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Burma

2009

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Demonstrators demand the release of documentary filmmaker Dhondup Wangchen, jailed in China after interviewing Tibetans. (AFP)

New York, December 8, 2009—Freelancers now make up nearly 45 percent of all journalists jailed worldwide, a dramatic recent increase that reflects the evolution of the global news business, the Committee to Protect Journalists said today. In its annual census of imprisoned journalists, CPJ found a total of 136 reporters, editors, and photojournalists behind bars on December 1, an increase of 11 from the 2008 tally. (Read detailed accounts of each imprisoned journalist.) A massive crackdown in Iran, where 23 journalists are now in jail, fueled the worldwide increase.

A basement in the gray, Gothic heart of the University of Toronto is home to the CSI of cyberspace. “We are doing free expression forensics,” says Ronald Deibert, director of the Citizen Lab, based at the Munk Centre for International Studies. Deibert and his team of academics and students investigate in real time governments and companies that restrict what we see and hear on the Internet. They are also trying to help online journalists and bloggers slip the shackles of censorship and surveillance. Deibert is a co-founder of the OpenNet Initiative (ONI), a project of the Citizen Lab in collaboration with the Berkman Center for Internet and Society at Harvard Law School. ONI tracks the blocking and filtering of the Internet around the globe.

New York, October 29, 2009—The Committee to Protect Journalists strongly condemns and calls for the immediate release of freelance journalist and blogger Pai Soe Oo, who was detained by government authorities on Wednesday for questioning. 

New York, September 22, 2009—The Committee to Protect Journalists welcomes the release of two journalists as part of a mass amnesty in Burma, but calls upon the military-run government to release the other 12 reporters it still holds in detention. 

PBS's "Wide Angle" aired "Eyes of the Storm" last week, a documentary on Cyclone Nargis and its aftermath. Like Anders Ostergaard's recent film "Burma VJ" on citizen reporters during the monk-led protests in 2007, which we wrote about in April, "Wide Angle" contrasts independent reports filmed at great risk with the junta's state media claims that aid was under control. 

Blogging in Burma is nearly as dangerous as protesting on the streets against the country's military-run government. So it will come as no surprise to those who closely monitor Burma's heavily restricted media and censored Internet that CPJ has ranked the country as the worst place in the world to be a blogger.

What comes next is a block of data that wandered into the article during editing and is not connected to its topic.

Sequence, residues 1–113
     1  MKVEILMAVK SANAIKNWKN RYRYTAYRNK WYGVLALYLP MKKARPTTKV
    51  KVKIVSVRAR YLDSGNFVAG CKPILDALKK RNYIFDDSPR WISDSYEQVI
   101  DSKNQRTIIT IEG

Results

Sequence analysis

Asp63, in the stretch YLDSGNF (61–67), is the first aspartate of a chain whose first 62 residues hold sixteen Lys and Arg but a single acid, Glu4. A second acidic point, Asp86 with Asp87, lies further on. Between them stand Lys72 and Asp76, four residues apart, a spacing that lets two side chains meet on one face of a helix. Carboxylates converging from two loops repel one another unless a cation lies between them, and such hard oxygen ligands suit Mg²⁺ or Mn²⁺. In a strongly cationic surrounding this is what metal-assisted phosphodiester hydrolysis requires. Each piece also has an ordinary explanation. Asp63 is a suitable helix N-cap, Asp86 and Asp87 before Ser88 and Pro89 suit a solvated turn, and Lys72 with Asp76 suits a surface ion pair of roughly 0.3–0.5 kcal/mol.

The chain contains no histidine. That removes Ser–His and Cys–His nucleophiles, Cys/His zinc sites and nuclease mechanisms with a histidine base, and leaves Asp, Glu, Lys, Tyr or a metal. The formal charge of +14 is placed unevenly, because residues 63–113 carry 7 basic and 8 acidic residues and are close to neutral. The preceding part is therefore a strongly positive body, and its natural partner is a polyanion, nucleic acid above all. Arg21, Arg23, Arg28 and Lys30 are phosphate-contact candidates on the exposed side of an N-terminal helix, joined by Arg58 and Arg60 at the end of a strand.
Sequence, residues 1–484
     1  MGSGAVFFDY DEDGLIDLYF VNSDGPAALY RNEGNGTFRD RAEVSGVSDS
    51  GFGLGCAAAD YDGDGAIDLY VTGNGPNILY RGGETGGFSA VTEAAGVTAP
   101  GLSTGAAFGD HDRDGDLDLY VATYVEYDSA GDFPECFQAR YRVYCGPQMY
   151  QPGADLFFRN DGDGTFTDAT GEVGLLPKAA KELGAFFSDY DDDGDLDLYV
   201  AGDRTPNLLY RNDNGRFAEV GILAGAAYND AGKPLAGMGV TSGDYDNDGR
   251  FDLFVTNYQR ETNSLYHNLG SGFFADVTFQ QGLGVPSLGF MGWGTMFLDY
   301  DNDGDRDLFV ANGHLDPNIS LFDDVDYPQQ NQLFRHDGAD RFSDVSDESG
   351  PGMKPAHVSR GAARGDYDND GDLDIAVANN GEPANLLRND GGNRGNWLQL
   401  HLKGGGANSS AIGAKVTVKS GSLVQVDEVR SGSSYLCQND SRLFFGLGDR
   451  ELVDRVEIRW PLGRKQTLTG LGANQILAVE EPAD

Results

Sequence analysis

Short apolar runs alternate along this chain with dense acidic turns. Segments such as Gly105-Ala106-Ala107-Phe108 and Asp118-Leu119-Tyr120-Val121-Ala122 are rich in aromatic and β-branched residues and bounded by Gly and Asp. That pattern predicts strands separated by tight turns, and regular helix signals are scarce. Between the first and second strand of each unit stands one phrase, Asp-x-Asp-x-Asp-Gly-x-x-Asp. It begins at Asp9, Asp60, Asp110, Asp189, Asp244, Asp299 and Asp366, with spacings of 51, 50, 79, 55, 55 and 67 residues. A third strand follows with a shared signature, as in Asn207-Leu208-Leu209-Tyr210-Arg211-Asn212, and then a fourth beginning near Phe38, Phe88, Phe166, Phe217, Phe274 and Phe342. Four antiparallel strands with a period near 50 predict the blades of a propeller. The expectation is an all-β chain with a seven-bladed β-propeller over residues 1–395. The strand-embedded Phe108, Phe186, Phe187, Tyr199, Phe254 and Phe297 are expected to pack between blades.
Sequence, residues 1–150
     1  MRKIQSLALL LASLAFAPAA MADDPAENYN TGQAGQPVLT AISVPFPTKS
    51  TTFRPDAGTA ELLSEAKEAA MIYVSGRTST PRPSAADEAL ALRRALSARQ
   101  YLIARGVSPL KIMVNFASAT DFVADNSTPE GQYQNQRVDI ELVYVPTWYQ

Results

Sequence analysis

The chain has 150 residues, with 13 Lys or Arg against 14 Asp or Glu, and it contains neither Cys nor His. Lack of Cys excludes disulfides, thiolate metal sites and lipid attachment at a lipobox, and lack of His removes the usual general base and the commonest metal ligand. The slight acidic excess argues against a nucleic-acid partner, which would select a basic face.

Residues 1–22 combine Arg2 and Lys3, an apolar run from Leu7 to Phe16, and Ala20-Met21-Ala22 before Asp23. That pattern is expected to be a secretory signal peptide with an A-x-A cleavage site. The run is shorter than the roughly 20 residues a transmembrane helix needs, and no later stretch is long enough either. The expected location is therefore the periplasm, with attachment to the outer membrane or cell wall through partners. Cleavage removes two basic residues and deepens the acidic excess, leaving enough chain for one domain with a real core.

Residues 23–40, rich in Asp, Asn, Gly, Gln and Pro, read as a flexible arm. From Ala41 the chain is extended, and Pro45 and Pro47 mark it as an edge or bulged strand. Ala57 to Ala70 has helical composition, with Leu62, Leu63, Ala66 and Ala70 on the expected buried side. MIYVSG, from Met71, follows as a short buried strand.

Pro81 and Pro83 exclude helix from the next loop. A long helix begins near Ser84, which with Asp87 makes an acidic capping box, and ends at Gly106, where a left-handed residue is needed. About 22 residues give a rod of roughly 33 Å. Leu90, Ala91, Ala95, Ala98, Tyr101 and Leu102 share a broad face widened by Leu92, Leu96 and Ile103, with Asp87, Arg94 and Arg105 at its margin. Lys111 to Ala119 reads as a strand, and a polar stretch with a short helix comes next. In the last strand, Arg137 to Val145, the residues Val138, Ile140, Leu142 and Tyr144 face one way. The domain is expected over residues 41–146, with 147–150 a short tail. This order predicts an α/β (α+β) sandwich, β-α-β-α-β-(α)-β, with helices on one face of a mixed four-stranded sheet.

CPJ names the worst online oppressors. Booming online cultures in many Asian and Middle Eastern nations have led to aggressive government repression. Burma leads the dishonor roll.




In our special report, “10 Worst Countries to be a Blogger,” CPJ names the world’s leading online oppressors. Here, Deputy Director Robert Mahoney explains why CPJ undertook this report and how it arrived at its conclusions. Listen to the mp3 on the player above, or right click here to download. (5:34)  

"Get that guy--he's a reporter." The order, shouted in Burmese amid the chilling sound of gunfire, can be heard in the preview of the new documentary, "Burma VJ: Reporting from a Closed Country" by Danish filmmaker Anders Ostergaard. The preview also includes the now-notorious footage of a Burmese soldier fatally shooting Japanese cameraman Kenji Nagai at point blank as the journalist filmed the 2007 monk-led uprising known as the Saffron Revolution. 

"If nobody goes, then somebody has to go." That, according to his editors at APF News, was the personal motto of fallen Japanese video journalist Kenji Nagai, who until his tragic death had reported from conflict zones around the world. That journalistic drive put Nagai in the line of fire during Burma's 2007 Saffron Revolution, when he was shot and killed by a soldier while filming a government crackdown on street demonstrations in the old capital of Rangoon.

 

2009

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Killed in Burma

3 journalists killed since 1992

Attacks on the Press 2012

0 Imprisoned in December 2012 after government releases 12 journalists in historic shift.

Country data, analysis »

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Program Coordinator:
Bob Dietz

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Fax: 212-465-9568

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